By Danielle French

Working from home

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Working from home

When I moved to this farm, I never thought I would start an event based business nor did I think my home would have such an impact on my business and the other way around. Things have evolved over the past 12 years from family homestead to a thriving home-based event business. In our first season at the farm, the house badly needed improvements; new roof, plumbing and electrical, the rooms hadn’t been painted in decades, the floors redoing. There was a large two car garage attached to the house that had been added much later to the original 1860’s farmhouse. Not needing the garage, we converted it into a family room with windows on three sides facing east, west and south. It is a sunny spot with a perfect view of the barn and the fields. The downside, the room is not well if at all insulated and we froze that first winter until we put in a small propane stove. Nevertheless, with a TV, a table for school projects and comfortable seating, the girls and I lived in that room watching endless reruns of Gilmore Girls, doing homework, playing board games.

Humble beginnings

work from homeThe first few years, the family room remained just that. I had a small space off the kitchen with a desk that I used for an office, finishing up my design work in the city, or corresponding with friends and then later, managing the mailing list and orders for my new food delivery service – Farm Flavours. This small office space wasn’t insulated either but I had a heater at my feet which made it tolerable in the colder months. Over the next couple of years, things began to get busier. Now we were holding weddings at the farm and I needed filing space for correspondence and accounting and then an employee joined us and then more employees.

I took a little corner of the family room over for all of the goings-on. And so, it began. A little corner became a larger corner and then a few years ago, I asked the girls if I might claim the entire space. The girls understood and were supportive but despite their good humour, it was another way that the business infiltrated our family life and gradually over time, losing more and more of our privacy. This is definitely the challenge of having a home-based business.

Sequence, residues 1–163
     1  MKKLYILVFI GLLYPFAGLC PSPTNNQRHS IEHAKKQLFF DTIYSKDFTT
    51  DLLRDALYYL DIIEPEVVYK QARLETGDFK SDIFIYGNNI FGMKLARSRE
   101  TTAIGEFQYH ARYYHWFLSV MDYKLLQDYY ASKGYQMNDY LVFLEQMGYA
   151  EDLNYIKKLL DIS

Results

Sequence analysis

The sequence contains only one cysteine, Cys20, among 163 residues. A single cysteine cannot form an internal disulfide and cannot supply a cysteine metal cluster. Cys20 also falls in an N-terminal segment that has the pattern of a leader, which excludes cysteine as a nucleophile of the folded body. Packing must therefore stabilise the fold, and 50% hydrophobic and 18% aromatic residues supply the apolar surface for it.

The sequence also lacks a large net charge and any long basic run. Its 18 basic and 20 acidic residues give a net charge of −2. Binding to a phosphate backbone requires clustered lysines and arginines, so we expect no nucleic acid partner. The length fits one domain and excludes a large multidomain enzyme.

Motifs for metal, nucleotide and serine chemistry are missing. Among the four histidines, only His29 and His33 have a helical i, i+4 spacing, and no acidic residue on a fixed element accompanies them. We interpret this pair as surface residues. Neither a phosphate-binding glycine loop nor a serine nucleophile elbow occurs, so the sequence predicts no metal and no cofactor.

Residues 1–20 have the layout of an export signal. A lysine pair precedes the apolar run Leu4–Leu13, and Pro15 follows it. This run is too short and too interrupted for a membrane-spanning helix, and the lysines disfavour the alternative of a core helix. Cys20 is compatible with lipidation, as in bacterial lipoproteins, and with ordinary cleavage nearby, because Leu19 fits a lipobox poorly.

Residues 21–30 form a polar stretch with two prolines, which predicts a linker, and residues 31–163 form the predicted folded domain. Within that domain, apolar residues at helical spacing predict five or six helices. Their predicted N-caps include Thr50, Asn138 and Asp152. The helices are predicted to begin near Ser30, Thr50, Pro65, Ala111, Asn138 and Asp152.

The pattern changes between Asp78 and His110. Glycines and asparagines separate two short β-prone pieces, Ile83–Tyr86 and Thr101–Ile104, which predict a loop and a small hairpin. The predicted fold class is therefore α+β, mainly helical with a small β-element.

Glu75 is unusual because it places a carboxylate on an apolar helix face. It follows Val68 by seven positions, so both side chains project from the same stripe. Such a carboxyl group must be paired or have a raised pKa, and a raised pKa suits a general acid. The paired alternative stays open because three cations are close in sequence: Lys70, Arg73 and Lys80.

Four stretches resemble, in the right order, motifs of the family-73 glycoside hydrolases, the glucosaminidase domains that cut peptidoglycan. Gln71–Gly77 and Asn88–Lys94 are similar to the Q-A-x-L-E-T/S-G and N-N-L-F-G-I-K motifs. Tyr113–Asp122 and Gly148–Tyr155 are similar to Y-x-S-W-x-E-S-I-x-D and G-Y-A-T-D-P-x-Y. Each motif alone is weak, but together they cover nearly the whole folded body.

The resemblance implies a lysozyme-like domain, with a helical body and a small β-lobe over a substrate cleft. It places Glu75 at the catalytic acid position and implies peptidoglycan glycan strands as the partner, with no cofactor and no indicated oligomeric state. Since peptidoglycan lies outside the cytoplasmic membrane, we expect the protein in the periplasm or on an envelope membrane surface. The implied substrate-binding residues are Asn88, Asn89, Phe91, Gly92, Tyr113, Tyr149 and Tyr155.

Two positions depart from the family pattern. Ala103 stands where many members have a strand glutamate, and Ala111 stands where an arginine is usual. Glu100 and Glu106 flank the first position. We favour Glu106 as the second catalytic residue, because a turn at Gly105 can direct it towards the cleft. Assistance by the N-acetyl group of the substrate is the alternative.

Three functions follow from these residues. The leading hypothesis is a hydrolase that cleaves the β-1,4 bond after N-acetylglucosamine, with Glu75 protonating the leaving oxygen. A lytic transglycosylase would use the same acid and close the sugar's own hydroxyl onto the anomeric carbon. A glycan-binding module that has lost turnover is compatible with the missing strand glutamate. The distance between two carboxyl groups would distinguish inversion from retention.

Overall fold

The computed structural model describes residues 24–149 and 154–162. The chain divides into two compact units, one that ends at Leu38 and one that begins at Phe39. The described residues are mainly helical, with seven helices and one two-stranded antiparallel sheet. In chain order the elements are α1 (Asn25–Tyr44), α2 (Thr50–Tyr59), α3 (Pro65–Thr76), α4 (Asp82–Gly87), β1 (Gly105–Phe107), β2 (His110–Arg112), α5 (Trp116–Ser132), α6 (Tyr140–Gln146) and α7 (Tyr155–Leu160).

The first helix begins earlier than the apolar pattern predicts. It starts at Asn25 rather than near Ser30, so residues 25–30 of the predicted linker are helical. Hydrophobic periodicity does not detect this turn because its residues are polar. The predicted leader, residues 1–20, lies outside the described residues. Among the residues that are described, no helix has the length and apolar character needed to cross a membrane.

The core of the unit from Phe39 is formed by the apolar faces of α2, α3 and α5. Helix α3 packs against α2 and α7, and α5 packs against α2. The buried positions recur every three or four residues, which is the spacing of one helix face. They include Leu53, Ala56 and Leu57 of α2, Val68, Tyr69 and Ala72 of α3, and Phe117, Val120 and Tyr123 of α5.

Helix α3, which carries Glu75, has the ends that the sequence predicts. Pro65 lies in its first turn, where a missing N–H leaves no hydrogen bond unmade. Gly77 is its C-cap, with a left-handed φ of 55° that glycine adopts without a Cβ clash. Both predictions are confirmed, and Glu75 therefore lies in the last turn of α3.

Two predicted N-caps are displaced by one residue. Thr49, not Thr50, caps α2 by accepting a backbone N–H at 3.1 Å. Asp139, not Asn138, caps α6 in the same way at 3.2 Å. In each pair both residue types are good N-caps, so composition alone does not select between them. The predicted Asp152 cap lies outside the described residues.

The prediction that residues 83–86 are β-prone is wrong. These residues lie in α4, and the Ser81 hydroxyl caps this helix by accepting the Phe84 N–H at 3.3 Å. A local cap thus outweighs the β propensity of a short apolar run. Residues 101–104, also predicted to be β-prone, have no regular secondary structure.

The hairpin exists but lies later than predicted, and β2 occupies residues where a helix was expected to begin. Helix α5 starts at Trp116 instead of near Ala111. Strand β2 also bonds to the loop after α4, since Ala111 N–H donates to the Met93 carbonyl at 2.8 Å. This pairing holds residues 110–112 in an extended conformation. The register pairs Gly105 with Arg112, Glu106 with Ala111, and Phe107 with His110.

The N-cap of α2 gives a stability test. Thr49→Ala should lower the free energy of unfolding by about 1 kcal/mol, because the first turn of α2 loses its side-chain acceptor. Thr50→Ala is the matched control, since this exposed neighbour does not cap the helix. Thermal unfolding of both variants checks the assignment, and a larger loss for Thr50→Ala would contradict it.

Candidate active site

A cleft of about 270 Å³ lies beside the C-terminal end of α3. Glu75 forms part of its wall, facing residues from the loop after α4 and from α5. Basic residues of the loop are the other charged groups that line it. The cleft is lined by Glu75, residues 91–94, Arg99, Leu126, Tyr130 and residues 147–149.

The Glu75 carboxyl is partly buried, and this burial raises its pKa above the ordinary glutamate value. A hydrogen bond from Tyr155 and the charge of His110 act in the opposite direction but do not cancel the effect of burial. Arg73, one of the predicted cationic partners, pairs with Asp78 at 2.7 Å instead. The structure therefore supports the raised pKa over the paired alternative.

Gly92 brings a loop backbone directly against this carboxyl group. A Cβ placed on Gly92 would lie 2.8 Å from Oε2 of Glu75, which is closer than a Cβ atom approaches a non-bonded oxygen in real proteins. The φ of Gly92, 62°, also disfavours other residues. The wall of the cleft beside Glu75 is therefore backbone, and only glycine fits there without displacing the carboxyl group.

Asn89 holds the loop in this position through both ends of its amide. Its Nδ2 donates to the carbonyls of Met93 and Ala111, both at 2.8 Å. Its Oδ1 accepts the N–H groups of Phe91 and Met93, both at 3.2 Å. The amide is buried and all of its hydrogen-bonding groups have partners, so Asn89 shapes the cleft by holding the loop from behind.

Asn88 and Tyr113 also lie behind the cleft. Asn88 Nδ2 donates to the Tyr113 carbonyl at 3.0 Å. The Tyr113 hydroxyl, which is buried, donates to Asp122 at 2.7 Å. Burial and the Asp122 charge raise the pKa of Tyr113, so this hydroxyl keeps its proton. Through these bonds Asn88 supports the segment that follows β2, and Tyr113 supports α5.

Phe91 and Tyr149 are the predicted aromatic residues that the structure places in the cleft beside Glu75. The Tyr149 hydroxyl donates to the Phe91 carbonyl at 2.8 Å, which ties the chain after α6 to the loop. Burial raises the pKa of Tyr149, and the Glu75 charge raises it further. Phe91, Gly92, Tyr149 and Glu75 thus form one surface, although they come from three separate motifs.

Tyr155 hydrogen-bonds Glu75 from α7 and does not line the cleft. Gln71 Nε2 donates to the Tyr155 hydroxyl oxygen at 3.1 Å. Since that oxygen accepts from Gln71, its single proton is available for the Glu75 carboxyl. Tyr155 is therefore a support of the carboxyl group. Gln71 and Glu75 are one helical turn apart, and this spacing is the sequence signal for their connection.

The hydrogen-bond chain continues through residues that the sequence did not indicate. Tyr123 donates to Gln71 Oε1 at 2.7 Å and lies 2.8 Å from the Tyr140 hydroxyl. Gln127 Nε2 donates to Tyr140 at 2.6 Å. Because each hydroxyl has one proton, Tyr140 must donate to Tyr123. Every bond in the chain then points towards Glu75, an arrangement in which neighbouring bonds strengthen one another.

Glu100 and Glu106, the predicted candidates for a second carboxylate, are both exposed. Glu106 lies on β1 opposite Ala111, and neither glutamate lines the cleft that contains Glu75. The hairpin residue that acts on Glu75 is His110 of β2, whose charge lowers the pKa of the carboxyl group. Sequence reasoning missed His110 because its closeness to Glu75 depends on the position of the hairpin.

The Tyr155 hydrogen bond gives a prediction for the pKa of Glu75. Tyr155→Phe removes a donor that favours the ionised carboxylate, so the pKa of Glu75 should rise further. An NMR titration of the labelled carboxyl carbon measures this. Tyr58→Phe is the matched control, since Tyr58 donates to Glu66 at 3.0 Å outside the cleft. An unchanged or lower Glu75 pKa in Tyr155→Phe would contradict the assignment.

Having possession of the family room, over the years, I moved the furniture around a dozen times. Moving desks in for more staff, struggling to maintain a comfortable seating area selfishly for me to use in the early mornings with coffee and watch the sun rise while writing or going over emails. Product sales also played a role as we needed a place to sell our jams and aprons, books, bread bags, and soaps. Down came the books and games off the shelves and the retail conversion took over!

Retail Development

This past winter, I came up with the idea to move the retail into the guest cottage and experiment with another dream – of having a real shop with our own products combined with local artists and purveyors. I dream of a cheese counter, a refrigerator for dips and take-out meals, a place to hang art and a cozy spot for a cup of coffee and a baked treat. The cottage seemed like a great idea. In principle, it was a good idea but it was awkward to get to in the winter and would need someone to attend to it. We are already off the beaten path in the summertime, in the winter we are really off the path so the shop moved back into the office requiring yet another rearranging of all the furniture.

This summer, I’m moving closer to the idea of connecting with local artists to have their work here on the property and in the shop with our own products. I have beautiful charcuterie boards from Dave Brett who lives close by, Barb Newman’s soaps and her husband John’s wood salt and cooking spoons. Garrett Gilbart @Burn_Island attended one of our Full Moon suppers and spoke about the possibility of having it here on display.

As of last week, his beautiful antique and intricately hand-cut farm tools with designs inspired by the Arts and Crafts Movement are anchored all over the grounds. I’m thrilled to have his work here at the farm this summer.

Local Artists

Clayworks pottery is a lovely studio located nearby operated by potter, Jodie Hames. Her birdfeeders, small bowls, and other beautiful work will also be here at the farm this summer.

Jodie Hames.

I was so inspired by a recent trip to London garden shops, so we too will have flowering plants, urns, and containers from our own gardens put together for sale. It’s a natural progression with gardening and floral workshops on offer this summer as well as Carlyle’s garden illustrations on cards and our outdoor signs for a self-guided garden tour at the farm.

All of this means of course, that we are going to have to move the office around once again. I’ll do it when no one is home and maybe they won’t notice a thing….

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